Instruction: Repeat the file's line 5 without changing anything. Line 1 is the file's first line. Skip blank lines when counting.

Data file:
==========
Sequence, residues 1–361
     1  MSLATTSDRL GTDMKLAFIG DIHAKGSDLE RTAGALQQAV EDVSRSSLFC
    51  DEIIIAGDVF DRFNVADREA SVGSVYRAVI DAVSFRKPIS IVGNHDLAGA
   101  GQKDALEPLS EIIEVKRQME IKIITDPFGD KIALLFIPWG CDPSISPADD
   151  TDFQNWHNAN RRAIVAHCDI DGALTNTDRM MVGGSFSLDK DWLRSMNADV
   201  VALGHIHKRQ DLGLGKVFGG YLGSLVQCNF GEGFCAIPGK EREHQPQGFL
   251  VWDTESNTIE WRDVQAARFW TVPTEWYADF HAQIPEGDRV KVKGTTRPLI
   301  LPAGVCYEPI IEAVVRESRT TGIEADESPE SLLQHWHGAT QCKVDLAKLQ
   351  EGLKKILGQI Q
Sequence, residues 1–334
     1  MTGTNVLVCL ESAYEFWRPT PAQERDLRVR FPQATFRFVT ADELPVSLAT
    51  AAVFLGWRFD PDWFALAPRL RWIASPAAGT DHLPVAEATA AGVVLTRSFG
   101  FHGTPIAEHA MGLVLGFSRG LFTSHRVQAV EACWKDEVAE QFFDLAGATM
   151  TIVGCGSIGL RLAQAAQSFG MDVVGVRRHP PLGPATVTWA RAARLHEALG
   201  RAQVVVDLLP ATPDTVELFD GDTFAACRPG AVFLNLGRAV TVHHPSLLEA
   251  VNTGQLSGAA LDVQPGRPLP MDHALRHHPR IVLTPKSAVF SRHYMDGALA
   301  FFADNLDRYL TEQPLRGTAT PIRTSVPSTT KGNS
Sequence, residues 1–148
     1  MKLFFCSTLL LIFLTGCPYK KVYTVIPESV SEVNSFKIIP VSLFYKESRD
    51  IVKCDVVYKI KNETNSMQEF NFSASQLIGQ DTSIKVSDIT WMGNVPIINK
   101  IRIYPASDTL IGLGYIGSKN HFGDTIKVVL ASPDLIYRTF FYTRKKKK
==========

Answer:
   151  TDFQNWHNAN RRAIVAHCDI DGALTNTDRM MVGGSFSLDK DWLRSMNADV